Any woman who has experienced pregnancy knows about the less-than-glamorous factors that come along with the journey to giving birth.

Dental health may be on the back burner but it is more important than ever to maintain it during those nine months. Extreme mood swings and raging hormones can cause gums to swell, trap food particles and bleed. Following these situations, sometimes, more severe gum conditions like periodontal disease or gingivitis can develop.

However, all of it is preventable. Take a look at a few ways to take care of your teeth along the way, avoid dental nightmares and lower your stress level.

Keep Consistent Check-ups

dental workIt is imperative for pregnant women to see a dentist on a regular basis, throughout most stages of pregnancy. However, if your doctor says to avoid lying on your back in the second half of the third trimester, wait to visit the dentist again until after the baby is born.

Make sure the dentist is aware of the pregnancy and be sure descaling is included in the check-up. Dental work does not affect the unborn child.


Avoid Cosmetic Treatment

Take a break from teeth whitening and any other cosmetic dental treatments during the nine months. Procedures like cavity fillings and root canals are okay.

Eat Wisely

The common phrase “eating for two” rings true to the fact that a pregnant woman is sharing nutrients with the baby. Eating an unhealthy, nutritionally imbalanced diet can weaken the immune system, causing weaker bones and unhealthy oral health. Specifically, try your best to avoid sugary foods and drinks, which can increase chances of tooth decay in the mother, and possibly pass bacteria to the child. Include calcium-rich dairy products, like cheese and yogurt, which are solid sources of necessary minerals for the baby’s teeth, bones and gums.

According to the American Dental Association, there may be a correlation between gum disease and low birth weight babies, as well as gestational diabetes, which can be avoided by a healthy combination of diet and low intensity exercise (once your doctor approves it).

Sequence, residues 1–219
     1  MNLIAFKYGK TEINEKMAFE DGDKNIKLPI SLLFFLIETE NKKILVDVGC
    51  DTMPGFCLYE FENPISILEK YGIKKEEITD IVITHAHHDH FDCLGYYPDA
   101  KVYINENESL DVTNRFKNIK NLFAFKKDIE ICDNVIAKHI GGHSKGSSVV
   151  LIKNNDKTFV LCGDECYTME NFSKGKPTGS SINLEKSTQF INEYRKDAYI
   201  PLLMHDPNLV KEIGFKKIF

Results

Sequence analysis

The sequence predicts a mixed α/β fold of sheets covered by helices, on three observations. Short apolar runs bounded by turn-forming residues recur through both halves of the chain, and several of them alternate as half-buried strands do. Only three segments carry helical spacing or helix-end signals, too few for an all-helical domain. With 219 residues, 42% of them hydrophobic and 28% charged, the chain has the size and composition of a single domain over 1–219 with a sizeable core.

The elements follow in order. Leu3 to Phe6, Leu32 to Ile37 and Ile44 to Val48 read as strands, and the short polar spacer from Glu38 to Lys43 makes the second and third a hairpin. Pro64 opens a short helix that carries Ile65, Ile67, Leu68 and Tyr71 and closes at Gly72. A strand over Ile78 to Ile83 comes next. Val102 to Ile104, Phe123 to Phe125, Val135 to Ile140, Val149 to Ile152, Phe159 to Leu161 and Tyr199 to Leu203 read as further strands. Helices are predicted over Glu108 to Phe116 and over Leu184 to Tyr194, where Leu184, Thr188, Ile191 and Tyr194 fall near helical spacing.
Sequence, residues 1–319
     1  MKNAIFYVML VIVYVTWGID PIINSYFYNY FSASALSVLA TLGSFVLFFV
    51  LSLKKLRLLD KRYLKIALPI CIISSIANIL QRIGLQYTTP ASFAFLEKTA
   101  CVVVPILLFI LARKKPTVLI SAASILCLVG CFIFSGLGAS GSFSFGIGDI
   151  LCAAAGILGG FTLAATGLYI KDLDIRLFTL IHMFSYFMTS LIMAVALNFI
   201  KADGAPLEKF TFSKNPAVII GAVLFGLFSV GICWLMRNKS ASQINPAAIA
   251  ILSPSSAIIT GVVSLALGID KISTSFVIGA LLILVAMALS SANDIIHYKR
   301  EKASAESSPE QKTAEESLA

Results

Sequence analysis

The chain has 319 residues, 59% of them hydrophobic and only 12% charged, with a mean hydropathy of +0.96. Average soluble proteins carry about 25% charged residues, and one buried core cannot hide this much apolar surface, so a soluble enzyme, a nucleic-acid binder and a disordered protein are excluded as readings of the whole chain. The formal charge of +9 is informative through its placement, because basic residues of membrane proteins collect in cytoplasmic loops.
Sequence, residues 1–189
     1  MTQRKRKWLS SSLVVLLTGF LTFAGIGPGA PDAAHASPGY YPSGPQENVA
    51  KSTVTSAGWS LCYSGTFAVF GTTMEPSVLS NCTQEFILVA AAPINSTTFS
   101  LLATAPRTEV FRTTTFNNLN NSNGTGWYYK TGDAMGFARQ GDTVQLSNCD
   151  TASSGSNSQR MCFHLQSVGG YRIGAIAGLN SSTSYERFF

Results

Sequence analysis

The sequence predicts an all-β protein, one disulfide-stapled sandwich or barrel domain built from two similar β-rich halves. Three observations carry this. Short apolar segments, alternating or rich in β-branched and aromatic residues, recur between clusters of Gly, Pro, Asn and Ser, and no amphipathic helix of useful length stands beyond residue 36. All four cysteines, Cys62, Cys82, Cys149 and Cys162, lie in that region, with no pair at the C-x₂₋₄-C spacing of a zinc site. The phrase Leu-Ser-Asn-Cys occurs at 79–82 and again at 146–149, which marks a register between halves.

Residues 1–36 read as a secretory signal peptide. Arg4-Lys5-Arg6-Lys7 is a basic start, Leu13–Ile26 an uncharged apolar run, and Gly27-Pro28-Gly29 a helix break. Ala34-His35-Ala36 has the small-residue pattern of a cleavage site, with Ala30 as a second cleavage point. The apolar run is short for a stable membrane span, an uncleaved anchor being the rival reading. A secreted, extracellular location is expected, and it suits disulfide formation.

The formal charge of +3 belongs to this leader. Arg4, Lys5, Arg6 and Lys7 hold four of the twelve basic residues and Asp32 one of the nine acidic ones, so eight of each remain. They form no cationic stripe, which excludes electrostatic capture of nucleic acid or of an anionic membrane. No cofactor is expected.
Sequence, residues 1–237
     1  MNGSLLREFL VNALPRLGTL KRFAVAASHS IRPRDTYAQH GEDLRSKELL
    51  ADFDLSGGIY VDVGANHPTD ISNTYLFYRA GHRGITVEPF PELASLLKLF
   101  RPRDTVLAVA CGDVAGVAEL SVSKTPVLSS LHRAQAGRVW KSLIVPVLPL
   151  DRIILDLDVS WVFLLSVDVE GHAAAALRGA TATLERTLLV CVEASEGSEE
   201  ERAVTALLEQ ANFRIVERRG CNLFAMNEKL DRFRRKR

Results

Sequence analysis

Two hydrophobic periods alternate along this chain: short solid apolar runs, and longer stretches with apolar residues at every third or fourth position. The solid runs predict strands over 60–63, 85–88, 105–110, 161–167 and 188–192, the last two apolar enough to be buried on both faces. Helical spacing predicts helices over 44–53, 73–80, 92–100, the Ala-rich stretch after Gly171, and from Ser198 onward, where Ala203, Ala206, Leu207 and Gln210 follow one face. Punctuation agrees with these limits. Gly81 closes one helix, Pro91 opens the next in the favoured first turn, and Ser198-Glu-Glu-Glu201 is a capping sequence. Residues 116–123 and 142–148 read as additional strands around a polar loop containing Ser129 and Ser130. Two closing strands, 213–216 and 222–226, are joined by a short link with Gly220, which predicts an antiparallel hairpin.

Treat Dry Mouth

Pregnant women tend to develop dry mouth, obviously caused from a lower saliva flow. It can actually cause gum issues because regular saliva aids in protecting the mouth. Drinking lots of water, using fluoride mouthwashes, keeping up with dental care and even chewing sugar-free gum are all ways to help treat dry mouth.

Stay Alcohol and Smoke Free

Along with all of the well-known research found behind the damaging effects alcohol and tobacco-use can have on babies’ health, it can cause the baby to be underweight, and in turn, affect their teeth.

Maintain Routine

toothbrushIt is more important than ever during pregnancy to keep up with brushing and flossing everyday, at least twice a day, if not three.

If morning sickness if an issue, rinse the mouth after vomiting to avoid tooth erosion but remember not to brush for at least half an hour after vomiting to avoid more damage to the teeth. Also, try switching to a bland toothpaste.

Manage Medicine

Make sure your dentist knows all of the names and dosages of the drugs your doctor prescribed you, including prenatal vitamins. Also, make sure to stay away from tetracycline while pregnant because it can alter the unborn child’s teeth.

For a quick reminder list of dental care during pregnancy, check out and it’s Looking Good During Pregnancy tips.


Guest post by Caroline L. Young, a full-time news reporter for an Atlanta newspaper, a freelance journalist, a yoga instructor and contributor to, an online dental resource. She reads and writes about health topics as often as she can.


Photo Credit: Brush With Toothpaste by Petr Kratochvil